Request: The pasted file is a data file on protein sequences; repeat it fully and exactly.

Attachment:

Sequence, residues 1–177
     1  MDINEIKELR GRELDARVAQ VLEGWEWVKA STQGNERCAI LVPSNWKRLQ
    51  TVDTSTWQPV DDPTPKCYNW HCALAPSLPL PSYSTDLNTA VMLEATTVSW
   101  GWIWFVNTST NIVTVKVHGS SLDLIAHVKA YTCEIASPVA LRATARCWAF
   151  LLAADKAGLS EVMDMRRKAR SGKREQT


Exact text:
Sequence, residues 1–177
     1  MDINEIKELR GRELDARVAQ VLEGWEWVKA STQGNERCAI LVPSNWKRLQ
    51  TVDTSTWQPV DDPTPKCYNW HCALAPSLPL PSYSTDLNTA VMLEATTVSW
   101  GWIWFVNTST NIVTVKVHGS SLDLIAHVKA YTCEIASPVA LRATARCWAF
   151  LLAADKAGLS EVMDMRRKAR SGKREQT